“The above statement clearly refers to Brunton's novel, Self-Control, which was published not long before JA wrote Letter 72. However, I can't help smiling as I read JA writing "We have tried to get SelfControul,
 but in vain", because I think JA, who wrote so many deliberately ambiguous sentences during her life, was not only reporting on her difficulty (which may or may not have actually occurred) in obtaining a copy of Brunton's new novel.

No, I believe that as JA wrote ostensibly about Brunton's novel, she also seized the satirical moment, and decided to have a bit of fun as well in this sentence, playfully suggesting a strong but ultimately unsuccessful struggle on the part of JA and (her famously and fearlessly transgressive) sister-in-law Eliza, to gain control over themselves. In other words, Jane is subjecting country-mouse Cassandra to some gentle teasing, conjuring up the notion of JA herself, writing from the ‘vortex of dissipation and vice’ while in the dangerously disinhibiting company of the temptress Eliza, going a little crazy with all the freedom and temptations of the big city…which could be what Cassandra is a little worried about.
And....I further suggest that this was a turn of phrase JA might already, in 1811, have written in her manuscript of P&P, about another struggle to keep self control in the face of overpowering temptation:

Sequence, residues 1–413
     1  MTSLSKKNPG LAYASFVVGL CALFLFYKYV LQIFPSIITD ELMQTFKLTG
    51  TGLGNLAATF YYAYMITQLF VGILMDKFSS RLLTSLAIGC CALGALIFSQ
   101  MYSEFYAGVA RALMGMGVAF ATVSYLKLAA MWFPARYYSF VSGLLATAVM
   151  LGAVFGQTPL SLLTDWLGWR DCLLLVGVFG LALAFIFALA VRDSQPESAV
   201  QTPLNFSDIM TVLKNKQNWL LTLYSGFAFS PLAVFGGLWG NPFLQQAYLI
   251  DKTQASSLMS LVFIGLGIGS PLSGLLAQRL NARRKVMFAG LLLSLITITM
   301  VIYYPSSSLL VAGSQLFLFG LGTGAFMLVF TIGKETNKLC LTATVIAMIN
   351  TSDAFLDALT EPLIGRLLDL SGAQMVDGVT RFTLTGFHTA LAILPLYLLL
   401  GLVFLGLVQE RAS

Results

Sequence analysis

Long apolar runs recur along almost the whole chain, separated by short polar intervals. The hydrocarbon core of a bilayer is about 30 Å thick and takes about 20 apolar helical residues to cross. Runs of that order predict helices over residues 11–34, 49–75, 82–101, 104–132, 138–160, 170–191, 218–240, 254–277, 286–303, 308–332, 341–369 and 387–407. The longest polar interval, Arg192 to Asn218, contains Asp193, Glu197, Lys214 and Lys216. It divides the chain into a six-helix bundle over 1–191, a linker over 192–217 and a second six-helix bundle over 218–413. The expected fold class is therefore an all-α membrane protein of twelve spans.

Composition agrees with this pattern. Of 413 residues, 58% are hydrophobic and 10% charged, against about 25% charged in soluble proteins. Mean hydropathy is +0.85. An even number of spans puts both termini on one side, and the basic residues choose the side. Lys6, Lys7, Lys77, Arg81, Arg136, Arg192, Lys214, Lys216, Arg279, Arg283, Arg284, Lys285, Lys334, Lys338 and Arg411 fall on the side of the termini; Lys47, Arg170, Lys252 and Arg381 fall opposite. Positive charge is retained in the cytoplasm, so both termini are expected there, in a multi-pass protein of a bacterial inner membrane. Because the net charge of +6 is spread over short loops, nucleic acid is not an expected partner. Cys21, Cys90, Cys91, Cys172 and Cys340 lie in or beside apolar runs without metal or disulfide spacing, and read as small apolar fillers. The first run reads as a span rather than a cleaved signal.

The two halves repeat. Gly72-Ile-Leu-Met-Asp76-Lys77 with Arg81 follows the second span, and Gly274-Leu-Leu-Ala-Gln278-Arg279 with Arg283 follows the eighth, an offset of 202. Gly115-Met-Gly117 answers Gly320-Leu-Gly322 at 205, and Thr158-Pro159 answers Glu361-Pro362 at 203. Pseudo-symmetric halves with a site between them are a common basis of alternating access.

"In vain have I struggled. It will not do. My feelings will not be repressed. You must allow me to tell you how ardently I admire and love you."

But then, after that bit of fun, JA immediately reverts back to the subject of Brunton's novel, but only, I believe, in order to have some more satirical fun:
"I should like to know what her Estimate is-but am always half afraid of finding a clever novel too clever-& of finding my own story and my own people all forestalled."

Correct me if I am wrong, but I think that "Estimate" is used by JA in a meaning which is today archaic, such that I think what JA is saying, in 21st century words, is "I want to read some reviews of Brunton's novel, to see if they are positive". That would fit with the rest of JA's paragraph, which is about worrying that Brunton's novel will be too good. And so I completely disagree with any interpretation of the above which takes JA as expressing genuine sincere insecurity about some other writer stealing JA's fictional thunder. Stuff and nonsense! She no more was worried about Brunton (or any other novelist, such as Scott, about whom JA made a similar mock-concerned comment in another letter) beating JA to the fictional punch than she was that she was (supposedly) not up to the task of writing manly sketches like her nephew, or writing great historical romances like Clarke asked her to write…When it came to writing, JA did not struggle in vain to control any tendencies toward bad writing. On the contrary, her novels, like Mozart's mature music, are the epitome of a controlled and synergistic balance of imagination and realism.”  END QUOTE FROM MY 2012 POST